Except for cost and maintenance, real devices hardly bring any disadvantages to the table. But, I have a solution to eradicate this anomaly too. Why not try cloud-based real device labs that give you real devices for testing without actually purchasing even a single device.
LambdaTest platform offers a real-device lab with top-notch features integrated into it. With 3000+ screens to test on, LambdaTest real devices provide accurate metrics, device usage and logs in their detailed performance report. Along with it, you get network throttling, screen recording, sharing options and a debugger integrated into the platform. Once done, you can make use of tons of LambdaTest integrations that can facilitate your testing from a single place.
In the Mobile Testing Pyramid image below, notice that the real device section is distributed to two-segments instead of one, like emulators and browsers.
The lower segment containing the word “devices” denotes the usability or functional testing part of the real devices. The upper segment is for the non-functional testing part.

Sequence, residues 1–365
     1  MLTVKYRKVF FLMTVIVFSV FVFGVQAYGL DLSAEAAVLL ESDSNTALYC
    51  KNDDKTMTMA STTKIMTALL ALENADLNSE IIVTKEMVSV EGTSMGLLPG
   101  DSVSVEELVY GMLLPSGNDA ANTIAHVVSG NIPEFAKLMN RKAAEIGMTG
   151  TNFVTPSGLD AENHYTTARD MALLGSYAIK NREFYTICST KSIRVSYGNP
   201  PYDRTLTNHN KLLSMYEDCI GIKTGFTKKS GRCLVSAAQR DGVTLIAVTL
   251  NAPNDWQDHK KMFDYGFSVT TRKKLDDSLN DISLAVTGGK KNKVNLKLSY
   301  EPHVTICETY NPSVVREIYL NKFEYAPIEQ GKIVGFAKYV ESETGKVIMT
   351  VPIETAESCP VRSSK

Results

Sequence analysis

These will also reflect in the following focus area of real devices.
The usability of the mobile application can be tested thoroughly and most efficiently in a real device. This may include touch interaction connections such as Bluetooth, NFC and more.
Focus on CPU usage and the metrics it generates as they will be accurate according to the device in use.
Kwo Ding refers to this section as the “leftover visuals” you could not see in other testing (segments). Desktop browsers and emulators can clear out most of the visual stuff for your application. But for confirmation, you can focus on this here with lower priority.
- Manufacturer’s sauce
A few manufacturers put up their UI environment on Android. For example, Samsung has its own One UI that comes on top of Android’s UI engine. This could affect your mobile application UI and therefore is a good focus area for a tester.
- Specific built-in browsers
A few device manufacturers also release their devices with specific built-in browsers, such as Samsung with Samsung Internet. They may contain a tiny percentage of users, but it is always a good practice to account for everyone and every scenario before releasing the mobile app.
This was all about the Mobile Testing Pyramid and the detailed exploration of its various segments. The Mobile Testing Pyramid is an excellent reference for structured testing and good performance. A brief analysis can be therefore dictated here for the agile teams.
Effect of the Mobile Testing Pyramid on Agile teams